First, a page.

Online course management moves from Blackboard to Canvas

Hamline is replacing the Blackboard system with a more intuitive online course management system.


Lydia Hansen, Senior Reporter

Hamline’s online course management systems will be more intuitive starting this summer as all courses move from Blackboard to a new system called Canvas.

Starting June 1, Canvas will be the Learning Management System for all Hamline courses, replacing the former duo of Blackboard and Moodle. Undergraduates and graduates will be familiar with Blackboard from their courses, while Moodle may be familiar to graduate students taking certain classes in the School of Education.

Conversations about finding a single system to replace the services provided by Blackboard and Moodle have been in the air for about five years, but Nicole Nelson, a key member of the Canvas transition project said the decision to go with Canvas was not made until almost two years ago.

“We looked at a lot of learning management systems that were out there, and it was clear that Canvas was going to offer the most intuitive and responsive system for both students and faculty,” Nelson said.

Hamline previously used both Blackboard and Moodle because certain School of Education courses needed the more consistent client support system provided by Moodle. According to sophomore Korbyn Good, who has been involved with the Canvas transition from the student side, Canvas combines the features of Blackboard with the 24/7 client support services of Moodle.

“When it came to Blackboard we didn’t have that accountability so it was a lot of us working to figure out what was wrong with Blackboard,” Good said.

Good is also a student worker at the Central Service Desk in the library, which is responsible for fielding questions and problems with Blackboard. When Canvas takes over as the course management system in June, a 24/7 live chat as well as a database of FAQs will be directly available to students and faculty.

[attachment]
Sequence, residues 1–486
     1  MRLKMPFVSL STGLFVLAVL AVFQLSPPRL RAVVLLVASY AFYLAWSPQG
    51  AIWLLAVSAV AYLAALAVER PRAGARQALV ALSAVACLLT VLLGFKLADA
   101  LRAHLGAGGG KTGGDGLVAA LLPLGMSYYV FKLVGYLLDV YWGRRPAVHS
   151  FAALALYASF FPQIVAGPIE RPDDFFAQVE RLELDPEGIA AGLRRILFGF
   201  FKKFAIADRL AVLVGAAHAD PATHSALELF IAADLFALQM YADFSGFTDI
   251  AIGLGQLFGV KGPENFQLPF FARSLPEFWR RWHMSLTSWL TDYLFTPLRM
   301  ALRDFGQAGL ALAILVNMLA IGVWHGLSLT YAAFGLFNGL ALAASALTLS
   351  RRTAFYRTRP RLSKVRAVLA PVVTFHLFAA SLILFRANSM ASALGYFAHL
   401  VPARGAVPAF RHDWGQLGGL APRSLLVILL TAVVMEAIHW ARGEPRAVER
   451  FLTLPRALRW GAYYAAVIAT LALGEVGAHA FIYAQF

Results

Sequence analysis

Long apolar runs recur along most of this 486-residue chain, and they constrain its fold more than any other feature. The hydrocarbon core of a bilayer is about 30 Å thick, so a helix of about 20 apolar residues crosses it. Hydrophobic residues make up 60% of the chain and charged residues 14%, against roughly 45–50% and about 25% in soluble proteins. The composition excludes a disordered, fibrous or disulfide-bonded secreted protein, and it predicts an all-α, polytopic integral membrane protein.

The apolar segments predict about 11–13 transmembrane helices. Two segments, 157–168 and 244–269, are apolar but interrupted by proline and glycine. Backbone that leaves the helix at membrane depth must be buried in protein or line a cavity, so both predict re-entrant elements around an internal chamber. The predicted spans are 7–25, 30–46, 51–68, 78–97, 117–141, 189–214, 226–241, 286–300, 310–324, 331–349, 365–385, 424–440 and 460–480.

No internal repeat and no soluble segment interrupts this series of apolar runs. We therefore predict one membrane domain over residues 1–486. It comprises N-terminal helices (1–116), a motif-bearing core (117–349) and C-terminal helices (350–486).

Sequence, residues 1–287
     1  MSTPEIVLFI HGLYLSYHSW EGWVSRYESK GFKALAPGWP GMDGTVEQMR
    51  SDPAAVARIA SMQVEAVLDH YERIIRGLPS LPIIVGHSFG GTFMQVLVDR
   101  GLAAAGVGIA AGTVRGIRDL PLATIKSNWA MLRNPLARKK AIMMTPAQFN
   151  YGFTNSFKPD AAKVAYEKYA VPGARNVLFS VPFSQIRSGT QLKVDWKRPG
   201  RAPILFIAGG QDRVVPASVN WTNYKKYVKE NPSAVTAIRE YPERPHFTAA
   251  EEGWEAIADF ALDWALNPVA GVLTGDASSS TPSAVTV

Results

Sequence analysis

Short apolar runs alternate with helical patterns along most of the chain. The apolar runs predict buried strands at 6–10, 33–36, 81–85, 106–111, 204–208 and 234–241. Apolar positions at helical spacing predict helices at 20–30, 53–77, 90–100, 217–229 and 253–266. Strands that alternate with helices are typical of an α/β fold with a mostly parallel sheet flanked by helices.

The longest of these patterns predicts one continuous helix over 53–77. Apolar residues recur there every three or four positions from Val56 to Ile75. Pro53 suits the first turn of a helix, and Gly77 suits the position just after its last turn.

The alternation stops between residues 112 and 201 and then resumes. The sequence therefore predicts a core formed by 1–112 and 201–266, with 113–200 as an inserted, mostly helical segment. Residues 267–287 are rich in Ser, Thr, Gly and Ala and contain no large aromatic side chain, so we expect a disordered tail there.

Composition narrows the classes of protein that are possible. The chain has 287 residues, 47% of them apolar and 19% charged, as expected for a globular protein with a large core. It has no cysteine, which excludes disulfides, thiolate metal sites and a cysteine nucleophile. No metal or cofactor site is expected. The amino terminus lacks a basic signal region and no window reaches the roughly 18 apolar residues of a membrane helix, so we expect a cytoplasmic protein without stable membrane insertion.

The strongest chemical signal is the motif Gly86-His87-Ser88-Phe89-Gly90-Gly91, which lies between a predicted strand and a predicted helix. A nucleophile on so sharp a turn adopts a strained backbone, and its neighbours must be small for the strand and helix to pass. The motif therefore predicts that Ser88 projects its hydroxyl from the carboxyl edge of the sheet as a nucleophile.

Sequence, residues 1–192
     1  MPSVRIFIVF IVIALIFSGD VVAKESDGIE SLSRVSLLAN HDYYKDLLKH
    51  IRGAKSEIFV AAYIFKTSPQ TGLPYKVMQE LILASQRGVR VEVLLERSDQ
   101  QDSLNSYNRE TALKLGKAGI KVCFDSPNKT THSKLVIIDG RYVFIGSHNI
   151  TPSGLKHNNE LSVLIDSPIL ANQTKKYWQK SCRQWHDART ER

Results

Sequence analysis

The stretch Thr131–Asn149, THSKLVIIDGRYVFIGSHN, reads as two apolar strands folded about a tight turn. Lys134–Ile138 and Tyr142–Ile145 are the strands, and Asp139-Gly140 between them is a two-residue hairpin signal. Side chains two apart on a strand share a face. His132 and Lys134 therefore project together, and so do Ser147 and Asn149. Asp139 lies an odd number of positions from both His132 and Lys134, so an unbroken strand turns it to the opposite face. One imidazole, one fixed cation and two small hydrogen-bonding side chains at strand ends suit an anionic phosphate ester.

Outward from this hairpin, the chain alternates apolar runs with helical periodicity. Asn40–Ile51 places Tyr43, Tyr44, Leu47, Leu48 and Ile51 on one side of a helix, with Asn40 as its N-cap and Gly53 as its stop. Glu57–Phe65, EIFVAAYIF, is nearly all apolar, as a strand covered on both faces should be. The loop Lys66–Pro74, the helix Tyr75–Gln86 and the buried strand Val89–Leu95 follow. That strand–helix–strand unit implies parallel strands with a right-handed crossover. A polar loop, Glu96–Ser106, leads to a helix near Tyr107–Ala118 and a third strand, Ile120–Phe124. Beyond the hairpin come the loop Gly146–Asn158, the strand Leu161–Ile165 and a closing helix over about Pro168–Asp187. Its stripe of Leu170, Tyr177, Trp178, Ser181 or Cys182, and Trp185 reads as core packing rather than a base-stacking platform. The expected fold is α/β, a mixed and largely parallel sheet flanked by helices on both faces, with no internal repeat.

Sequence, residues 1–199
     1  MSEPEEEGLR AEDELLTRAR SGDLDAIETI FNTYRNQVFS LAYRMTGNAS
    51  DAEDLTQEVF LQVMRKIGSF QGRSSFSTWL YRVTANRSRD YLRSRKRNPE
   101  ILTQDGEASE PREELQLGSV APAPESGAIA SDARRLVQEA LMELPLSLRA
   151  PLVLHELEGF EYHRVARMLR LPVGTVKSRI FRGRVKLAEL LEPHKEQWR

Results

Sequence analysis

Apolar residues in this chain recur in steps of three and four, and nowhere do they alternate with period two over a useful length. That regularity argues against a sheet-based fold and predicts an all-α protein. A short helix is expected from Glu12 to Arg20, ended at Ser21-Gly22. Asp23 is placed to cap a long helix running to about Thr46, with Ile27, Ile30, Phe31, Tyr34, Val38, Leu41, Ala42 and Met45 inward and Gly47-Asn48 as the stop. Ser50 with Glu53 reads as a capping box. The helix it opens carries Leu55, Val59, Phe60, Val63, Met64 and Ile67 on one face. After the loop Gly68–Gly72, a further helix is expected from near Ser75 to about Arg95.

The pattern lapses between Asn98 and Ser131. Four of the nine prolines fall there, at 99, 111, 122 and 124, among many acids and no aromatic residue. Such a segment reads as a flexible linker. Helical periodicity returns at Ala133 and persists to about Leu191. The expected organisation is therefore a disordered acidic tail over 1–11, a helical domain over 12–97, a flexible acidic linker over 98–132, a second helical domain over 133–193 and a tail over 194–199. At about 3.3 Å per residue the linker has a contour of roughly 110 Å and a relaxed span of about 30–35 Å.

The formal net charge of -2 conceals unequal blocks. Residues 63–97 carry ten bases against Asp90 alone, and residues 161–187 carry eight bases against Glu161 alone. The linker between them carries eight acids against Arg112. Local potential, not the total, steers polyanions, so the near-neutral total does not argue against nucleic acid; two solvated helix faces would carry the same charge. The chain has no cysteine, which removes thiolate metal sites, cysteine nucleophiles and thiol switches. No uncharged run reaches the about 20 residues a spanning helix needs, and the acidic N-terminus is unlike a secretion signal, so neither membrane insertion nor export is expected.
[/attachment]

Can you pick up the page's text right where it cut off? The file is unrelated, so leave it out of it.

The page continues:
“Now we have a direct line with Canvas and Canvas helps directly support us,” Good said. “So if your professor has an issue, it will probably be solved in fifteen minutes whereas before it could be postponed for days.”

A more user-friendly app, additional tools for communicating tasks and assignments to students, and easier navigation and consistency among menus across all courses are other advantages of Canvas.

“I’d say it’s definitely a lot more intuitive than Blackboard,” Good said, who is also leading Canvas training for faculty. “Basically Canvas allows the user to be a lot more independent.”

Hamline signed a contract with Canvas last August and has piloted approximately 20 courses there so far.

Both Blackboard and Moodle will be inaccessible starting on June 1. Jane Turk, a development coordinator in the Center for Teacher and Learning, encourages students who want access to readings and assignments from past courses to download and save them before the end of May. Once Blackboard goes away on June 1, students and faculty will no longer have access to the system or documents previously uploaded there.

“The main message for students is, get anything you want out of the system out…before the grade deadline,” Turk said. “These could be readings, old syllabi, anything you want to keep a record of for yourself.”

Faculty training in the Canvas system started in January and will continue through the summer. Additionally, a Canvas representative will be on campus the last week of August and the first week of September to provide additional assistance once the fall semester kicks off. Live support will be available through Canvas or by calling 1-833-326-8141.